Electronic Journal of Human Sexuality, Volume 2, Feb. 6, 1999



Part 2

We have discussed celibacy as encompassing two presumptions: the presumption of being unmarried and abstinent (cf.  Weber's definition in Part 1).  In this section we propose to demonstrate that, in the final analysis, celibacy and abstinence are separate issues, although it has been to the Roman Catholic Church's advantage to twin the two concepts. By identifying celibacy and abstinence, the Church is able to maintain the political and economic power discussed in the previous section and, at the same time, keep in place the sex negative attitudes that originated with the Church Fathers and flourished in monastic environments down the centuries.  When we wrench celibacy and abstinence apart, we find that we are dealing with separate issues, although we have been led to believe that they are, for all practical purposes, the same issue.  We propose that they are not.  If you "pull the rug out" from under the celibacy issue, you still have to deal with the abstinence dust under the rug.  Our contention is that celibacy and abstinence rest on two different power-bases: celibacy rests on the Church's lust for political and economic power; abstinence rests on the Church's need to control people by controlling their sex lives ("You don't control a people until You control their sex lives" according to the old truism) which it does by upholding the sex negative teachings of the Church Fathers that were preserved down the centuries by the powerful ascetical element within the Church.


As we demonstrated in the previous section, economics played no small part in the establishment of MANDATORY celibacy.  We think it reasonable to assume that calculators would click furiously were dismantling MANDATORY celibacy ever to become a serious consideration in the Roman Catholic Church.  Should that day come, abstinence might well take a back seat to the larger issue of infrastructure.

The hereditary lines that Rome had struggled so hard to abolish would be re-established and priests would pass along property to their own children, maybe even property that was given to them in grateful acknowledgment of their ministrations by wealthy benefactors.  Only within the last twenty-five years, approximately, did priests become salaried.  Though given free housing and food, priests had to depend on stipends for income, that is, free offerings given at the time of weddings, funerals and baptisms.  When salaries were introduced, they were well below the standards established in society, for professionals and still do not measure up to professional standards.  Dismantling celibacy would change that economic reality drastically because no married priest could support a family or maintain a home at current salary levels.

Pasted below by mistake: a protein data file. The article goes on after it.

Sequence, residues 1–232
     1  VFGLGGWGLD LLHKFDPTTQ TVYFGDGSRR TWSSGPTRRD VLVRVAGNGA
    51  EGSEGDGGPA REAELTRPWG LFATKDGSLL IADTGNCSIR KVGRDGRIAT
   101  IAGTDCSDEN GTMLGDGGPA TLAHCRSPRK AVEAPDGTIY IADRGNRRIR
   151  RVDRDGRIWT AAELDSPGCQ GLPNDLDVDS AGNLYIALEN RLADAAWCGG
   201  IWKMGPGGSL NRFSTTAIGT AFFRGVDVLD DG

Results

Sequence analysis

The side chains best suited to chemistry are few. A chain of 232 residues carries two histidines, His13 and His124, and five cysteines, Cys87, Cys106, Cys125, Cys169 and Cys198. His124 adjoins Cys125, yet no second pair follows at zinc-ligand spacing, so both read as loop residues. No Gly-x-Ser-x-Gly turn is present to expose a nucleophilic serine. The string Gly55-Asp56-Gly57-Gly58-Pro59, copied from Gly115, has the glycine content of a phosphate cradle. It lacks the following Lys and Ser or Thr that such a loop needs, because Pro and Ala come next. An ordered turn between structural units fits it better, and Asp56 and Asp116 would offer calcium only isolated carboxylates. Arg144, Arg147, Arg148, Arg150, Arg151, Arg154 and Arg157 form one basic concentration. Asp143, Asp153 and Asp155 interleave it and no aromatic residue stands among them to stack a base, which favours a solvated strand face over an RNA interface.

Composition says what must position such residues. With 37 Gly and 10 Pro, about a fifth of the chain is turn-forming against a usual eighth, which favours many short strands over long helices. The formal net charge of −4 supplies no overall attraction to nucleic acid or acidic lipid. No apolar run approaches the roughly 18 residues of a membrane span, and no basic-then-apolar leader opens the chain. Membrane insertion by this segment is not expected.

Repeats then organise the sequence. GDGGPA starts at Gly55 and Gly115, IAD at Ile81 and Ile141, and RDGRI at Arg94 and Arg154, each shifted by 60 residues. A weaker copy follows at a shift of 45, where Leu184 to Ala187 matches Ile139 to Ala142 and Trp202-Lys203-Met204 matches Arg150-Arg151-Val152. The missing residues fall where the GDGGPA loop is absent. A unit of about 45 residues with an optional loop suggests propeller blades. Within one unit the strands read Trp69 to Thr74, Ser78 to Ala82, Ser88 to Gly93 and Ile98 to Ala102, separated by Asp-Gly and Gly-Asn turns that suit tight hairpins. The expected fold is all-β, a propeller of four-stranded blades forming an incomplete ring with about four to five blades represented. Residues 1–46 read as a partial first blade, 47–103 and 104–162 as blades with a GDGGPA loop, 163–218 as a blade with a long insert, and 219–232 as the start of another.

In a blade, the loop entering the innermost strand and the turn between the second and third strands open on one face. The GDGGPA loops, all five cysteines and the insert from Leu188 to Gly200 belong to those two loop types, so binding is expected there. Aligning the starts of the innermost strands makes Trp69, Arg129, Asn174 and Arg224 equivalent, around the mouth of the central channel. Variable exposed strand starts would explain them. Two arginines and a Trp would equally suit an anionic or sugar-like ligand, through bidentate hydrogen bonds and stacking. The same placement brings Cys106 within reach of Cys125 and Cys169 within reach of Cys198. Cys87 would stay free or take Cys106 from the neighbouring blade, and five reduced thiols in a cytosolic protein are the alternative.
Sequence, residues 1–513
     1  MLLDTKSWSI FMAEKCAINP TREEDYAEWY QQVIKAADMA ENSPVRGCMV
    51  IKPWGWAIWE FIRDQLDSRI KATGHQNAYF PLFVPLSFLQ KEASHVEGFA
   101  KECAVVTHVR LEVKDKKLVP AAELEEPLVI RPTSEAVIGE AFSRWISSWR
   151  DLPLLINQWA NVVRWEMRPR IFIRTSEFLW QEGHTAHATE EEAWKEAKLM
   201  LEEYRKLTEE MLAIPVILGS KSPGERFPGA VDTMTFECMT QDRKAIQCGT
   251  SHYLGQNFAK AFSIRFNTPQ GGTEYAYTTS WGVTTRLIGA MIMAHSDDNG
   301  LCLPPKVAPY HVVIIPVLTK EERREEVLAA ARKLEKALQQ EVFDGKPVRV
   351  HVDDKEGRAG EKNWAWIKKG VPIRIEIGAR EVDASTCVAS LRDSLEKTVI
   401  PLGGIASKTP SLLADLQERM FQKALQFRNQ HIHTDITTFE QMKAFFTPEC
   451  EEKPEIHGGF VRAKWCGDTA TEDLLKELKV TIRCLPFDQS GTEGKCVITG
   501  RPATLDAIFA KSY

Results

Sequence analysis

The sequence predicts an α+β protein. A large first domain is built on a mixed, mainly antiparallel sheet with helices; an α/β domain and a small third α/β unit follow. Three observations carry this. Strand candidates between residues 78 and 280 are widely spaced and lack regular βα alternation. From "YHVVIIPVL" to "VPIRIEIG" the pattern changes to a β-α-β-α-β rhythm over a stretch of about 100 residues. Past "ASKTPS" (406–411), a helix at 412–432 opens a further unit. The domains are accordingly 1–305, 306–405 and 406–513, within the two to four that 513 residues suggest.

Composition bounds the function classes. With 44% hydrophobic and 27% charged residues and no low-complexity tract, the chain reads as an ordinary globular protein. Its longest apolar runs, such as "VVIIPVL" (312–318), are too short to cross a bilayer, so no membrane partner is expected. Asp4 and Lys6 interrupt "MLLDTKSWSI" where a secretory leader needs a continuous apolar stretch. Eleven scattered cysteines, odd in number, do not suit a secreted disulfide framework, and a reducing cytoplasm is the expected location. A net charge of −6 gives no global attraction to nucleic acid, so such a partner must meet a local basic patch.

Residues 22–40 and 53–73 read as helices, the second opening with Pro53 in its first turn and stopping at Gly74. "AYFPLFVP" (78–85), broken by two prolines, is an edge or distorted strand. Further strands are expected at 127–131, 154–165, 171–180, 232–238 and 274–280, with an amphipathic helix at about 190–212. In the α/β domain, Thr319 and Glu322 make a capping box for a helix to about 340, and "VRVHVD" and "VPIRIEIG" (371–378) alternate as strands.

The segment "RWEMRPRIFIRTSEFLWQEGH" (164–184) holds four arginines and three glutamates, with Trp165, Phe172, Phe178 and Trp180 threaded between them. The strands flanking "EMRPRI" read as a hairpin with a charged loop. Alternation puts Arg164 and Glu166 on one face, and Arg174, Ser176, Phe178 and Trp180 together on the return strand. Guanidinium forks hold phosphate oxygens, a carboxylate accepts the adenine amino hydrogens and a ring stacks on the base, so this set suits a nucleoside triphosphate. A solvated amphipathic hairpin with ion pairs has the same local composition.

One spin-off of a new economic reality resulting from a change in MANDATORY celibacy would be a serious decline in funds available to support the Roman Catholic education system.  Though the education system was put in place originally as a garrison to protect Catholic youth against Protestant and Humanistic influences, today the system is considered vital to the proper transmission of Roman Catholic orthodoxy and orthopraxy.  The Roman Catholic hierarchy is very protective of its educational system, especially its primary schools.  More money to support married priests would leave less for the educational system -- an option the Church does not have the stomach to entertain.

Therefore, it is our contention that the Church, by maintaining MANDATORY celibacy, is trying to serve God and mammon, something its Master said could not be done.  (Luke 16:13)


Just as a change in MANDATORY celibacy would alter the economic reality of the Church, such a change would also alter the political reality.  The former and current Political power of the Church depends -for its life on an ancient anthropology: the inferiority of women.  It was this anthropology that surfaced recently in the form of hysteria when the Episcopal Church voted to ordain women to priesthood.  This hysteria, to quote historian Carter Heyward, "reveals the pathology that underlies the exclusion of women from ministry." (Heyward, 1976  p.107). It was a well entrenched anthropology that found support and solace in a selective reading of Paul, in statements such as:
 "man is the head of woman" and,
 "woman is the reflection of man's glory” and
 "A woman ought not to speak ... it was not Adam who was led astray but the woman who was led astray and fell into sin." (1 Corinthians 11 :3; 11;8; I Tim. 2: 1 3) .
All the "equality statements” of Paul were glossed over in favor of statements that supported the entrenched anthropology.  The modern challenge to that anthropology raises flags as crimson as their robes before the eyes of the Church's hierarchy.  Should that anthropology be dislodged, one plank of the political power base on which MANDATORY celibacy rests would collapse.